The need for explainability of supervised learning and RL methods comes from the same source — reliance on neural networks. For that reason, some explainability techniques such as saliency maps have been successfully translated from supervised to RL tasks without much modification (Simonyan et al. 2013, Huber et al. 2022).
However, the differences between supervised and RL frameworks are more substantial from the perspective of counterfactual explanations. Supervised learning focuses on the one-step prediction tasks, and input features are considered the only causes of a prediction. RL agents, on the other hand, solve sequential problems, and their decisions can be influenced by both state features and other components such as goals, objectives or outside events. Incorporating all possible causes of decisions into counterfactual explanations is essential for achieving user understanding. For example, consider an autonomous vehicle which at every time step optimizes different objectives such as speed, safety, driver comfort etc. If the car fails to slow down in a critical situation, and as a consequence causes an accident, counterfactual explanation could identify that, had the agent preferred safety over speed in the state, it would have chosen to slow down and the collision would have been avoided. Such explanations cannot be provided unless additional explanation components such as goals, objectives and outside events are included in the counterfactual explanations.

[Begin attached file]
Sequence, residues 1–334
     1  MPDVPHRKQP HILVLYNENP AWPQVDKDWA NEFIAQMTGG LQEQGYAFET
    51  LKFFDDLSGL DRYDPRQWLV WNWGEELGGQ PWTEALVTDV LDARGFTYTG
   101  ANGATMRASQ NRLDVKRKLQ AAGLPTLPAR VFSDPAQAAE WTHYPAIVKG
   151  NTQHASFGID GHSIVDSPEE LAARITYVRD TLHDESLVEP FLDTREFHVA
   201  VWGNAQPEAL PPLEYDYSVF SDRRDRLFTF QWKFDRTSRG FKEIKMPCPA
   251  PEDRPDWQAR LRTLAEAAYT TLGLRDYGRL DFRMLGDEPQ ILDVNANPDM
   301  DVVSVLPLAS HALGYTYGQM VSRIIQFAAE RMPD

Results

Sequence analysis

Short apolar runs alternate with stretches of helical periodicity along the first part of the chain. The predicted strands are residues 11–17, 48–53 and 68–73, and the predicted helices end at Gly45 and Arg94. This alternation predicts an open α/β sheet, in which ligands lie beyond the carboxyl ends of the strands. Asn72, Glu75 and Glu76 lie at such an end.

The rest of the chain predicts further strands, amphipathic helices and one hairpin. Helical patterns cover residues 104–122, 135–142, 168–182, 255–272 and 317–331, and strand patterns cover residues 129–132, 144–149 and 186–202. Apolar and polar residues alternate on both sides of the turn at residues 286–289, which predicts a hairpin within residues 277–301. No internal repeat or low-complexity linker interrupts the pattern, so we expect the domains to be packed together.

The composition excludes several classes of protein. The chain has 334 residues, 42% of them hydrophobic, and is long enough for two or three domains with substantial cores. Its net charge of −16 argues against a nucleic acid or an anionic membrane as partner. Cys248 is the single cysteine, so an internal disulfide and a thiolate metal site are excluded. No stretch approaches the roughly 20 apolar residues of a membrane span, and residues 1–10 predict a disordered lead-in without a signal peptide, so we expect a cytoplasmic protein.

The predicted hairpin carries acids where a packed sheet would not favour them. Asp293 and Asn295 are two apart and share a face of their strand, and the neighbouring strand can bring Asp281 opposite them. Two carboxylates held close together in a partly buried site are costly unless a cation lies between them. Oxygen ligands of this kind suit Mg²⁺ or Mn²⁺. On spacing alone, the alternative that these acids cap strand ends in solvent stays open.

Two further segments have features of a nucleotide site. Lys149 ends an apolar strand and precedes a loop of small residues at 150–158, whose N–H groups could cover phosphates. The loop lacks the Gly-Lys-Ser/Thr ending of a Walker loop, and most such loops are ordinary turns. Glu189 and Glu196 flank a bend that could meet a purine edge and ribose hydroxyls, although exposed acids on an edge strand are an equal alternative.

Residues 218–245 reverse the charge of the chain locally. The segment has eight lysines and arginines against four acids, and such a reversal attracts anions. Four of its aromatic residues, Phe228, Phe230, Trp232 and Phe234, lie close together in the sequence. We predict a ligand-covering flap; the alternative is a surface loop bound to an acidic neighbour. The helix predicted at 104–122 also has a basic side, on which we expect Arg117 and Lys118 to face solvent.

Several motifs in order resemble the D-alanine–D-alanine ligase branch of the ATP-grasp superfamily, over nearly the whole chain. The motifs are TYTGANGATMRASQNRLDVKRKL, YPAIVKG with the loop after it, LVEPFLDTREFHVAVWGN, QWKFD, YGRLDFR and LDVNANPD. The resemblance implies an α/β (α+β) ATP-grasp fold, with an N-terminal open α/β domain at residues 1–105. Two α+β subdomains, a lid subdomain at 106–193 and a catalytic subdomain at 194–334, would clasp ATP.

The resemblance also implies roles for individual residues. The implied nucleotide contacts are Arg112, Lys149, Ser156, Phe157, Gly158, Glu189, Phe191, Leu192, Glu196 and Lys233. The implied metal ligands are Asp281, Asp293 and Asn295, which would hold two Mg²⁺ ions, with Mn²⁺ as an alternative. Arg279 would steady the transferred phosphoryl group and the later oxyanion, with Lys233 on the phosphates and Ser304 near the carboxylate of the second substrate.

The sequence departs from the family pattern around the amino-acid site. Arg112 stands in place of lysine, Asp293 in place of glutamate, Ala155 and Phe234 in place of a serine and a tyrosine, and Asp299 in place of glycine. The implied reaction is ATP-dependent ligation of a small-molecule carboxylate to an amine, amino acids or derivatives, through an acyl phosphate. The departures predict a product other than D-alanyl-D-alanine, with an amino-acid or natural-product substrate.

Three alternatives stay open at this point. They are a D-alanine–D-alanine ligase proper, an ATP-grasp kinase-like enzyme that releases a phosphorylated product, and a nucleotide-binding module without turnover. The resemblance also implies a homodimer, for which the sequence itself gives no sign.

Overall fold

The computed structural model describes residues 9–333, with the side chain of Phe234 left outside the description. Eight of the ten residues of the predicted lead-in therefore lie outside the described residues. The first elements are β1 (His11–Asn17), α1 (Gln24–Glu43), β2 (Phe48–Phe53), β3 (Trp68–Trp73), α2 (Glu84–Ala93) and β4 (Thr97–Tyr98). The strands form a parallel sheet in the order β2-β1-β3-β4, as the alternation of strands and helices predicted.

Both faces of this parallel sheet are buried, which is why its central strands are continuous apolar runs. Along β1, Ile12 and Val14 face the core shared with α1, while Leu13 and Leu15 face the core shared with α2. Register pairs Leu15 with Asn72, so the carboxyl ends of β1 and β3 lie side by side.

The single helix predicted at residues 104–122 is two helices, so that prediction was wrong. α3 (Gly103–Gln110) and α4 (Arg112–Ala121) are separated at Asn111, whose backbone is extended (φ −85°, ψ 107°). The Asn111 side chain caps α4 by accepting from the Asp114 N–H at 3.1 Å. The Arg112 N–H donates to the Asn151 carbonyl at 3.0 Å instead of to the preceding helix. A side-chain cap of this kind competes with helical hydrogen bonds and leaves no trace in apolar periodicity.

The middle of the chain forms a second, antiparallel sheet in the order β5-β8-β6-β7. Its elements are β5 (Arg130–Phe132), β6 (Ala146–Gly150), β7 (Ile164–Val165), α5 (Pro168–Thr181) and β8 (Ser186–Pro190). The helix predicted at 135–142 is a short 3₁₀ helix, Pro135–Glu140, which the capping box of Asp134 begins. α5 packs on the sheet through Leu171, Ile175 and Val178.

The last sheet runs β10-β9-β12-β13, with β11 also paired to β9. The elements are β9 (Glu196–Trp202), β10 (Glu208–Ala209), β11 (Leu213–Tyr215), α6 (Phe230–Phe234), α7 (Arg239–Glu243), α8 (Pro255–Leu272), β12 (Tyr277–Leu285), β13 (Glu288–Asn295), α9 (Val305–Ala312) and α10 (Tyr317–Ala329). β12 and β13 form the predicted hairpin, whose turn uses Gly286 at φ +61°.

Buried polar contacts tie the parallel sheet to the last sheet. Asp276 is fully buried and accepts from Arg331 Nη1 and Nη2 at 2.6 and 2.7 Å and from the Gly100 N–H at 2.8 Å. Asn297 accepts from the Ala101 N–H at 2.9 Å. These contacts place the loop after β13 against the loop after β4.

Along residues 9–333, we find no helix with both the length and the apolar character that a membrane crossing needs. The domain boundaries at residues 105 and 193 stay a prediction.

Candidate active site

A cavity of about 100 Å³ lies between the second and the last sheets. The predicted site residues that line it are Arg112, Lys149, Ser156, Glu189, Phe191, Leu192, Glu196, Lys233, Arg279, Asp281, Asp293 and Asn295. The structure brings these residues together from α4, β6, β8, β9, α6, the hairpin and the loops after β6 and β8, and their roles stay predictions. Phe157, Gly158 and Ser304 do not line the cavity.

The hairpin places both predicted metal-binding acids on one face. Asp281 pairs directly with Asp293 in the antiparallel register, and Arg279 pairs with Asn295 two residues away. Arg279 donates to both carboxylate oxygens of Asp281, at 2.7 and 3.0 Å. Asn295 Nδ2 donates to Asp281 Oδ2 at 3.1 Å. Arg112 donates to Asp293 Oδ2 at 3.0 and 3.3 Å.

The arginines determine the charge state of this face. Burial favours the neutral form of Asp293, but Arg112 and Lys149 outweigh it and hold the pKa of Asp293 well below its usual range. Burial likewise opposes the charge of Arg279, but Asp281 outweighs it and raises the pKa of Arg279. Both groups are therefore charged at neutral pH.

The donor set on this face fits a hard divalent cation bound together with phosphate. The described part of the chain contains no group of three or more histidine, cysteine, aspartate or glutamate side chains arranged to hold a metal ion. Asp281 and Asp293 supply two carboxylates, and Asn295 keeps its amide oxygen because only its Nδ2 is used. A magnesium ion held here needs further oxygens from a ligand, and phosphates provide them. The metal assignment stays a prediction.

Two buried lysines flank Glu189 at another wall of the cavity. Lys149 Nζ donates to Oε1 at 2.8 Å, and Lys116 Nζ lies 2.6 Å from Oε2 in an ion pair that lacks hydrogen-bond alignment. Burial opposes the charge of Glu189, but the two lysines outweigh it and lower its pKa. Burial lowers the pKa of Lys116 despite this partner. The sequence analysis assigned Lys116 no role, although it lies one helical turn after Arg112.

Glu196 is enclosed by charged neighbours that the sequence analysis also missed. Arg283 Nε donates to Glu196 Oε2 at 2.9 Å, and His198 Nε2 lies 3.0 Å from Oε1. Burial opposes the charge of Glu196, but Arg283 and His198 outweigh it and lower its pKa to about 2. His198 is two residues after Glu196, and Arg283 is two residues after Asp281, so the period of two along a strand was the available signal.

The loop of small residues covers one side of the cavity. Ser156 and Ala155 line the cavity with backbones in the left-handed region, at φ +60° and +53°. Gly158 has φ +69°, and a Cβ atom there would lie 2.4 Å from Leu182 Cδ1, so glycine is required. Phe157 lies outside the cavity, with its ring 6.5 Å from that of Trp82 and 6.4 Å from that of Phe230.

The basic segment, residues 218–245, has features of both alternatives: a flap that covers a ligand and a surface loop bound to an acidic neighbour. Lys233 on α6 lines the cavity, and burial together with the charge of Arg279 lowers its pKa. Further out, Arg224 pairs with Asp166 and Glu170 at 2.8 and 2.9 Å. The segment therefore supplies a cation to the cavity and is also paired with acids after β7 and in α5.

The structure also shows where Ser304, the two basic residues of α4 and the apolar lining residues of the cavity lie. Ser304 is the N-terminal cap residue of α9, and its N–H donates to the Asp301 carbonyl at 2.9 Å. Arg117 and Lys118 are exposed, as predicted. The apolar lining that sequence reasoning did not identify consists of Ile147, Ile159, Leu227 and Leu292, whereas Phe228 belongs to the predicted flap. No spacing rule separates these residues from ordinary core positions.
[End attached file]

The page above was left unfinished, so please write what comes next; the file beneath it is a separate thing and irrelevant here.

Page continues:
Another difference between counterfactuals for supervised and RL is exemplified in the notion of reachability. Ideally, counterfactuals should be easily obtainable from the original instance, to give users the easiest path to the desired outcome. In supervised learning, the notion of reachability is behind different counterfactual properties such as proximity, sparsity, actionability and data manifold closeness, which all ensure that a counterfactual instance is realistic and easy to obtain. However, all these properties rely only on feature-based metrics. For example, proximity is often represented as feature-based distance between two states, and sparsity as the number of features that need to be changed to obtain the counterfactual. In RL, however, two states can be similar in terms of features but far away in terms of execution. Reachability in RL for that reason does not depend only on feature values, but also on the RL actions needed to navigate from the original to the counterfactual instance. Ignoring the sequential and stochastic nature of RL tasks could produce misleading counterfactuals which suggest to the user similar but unreachable situations.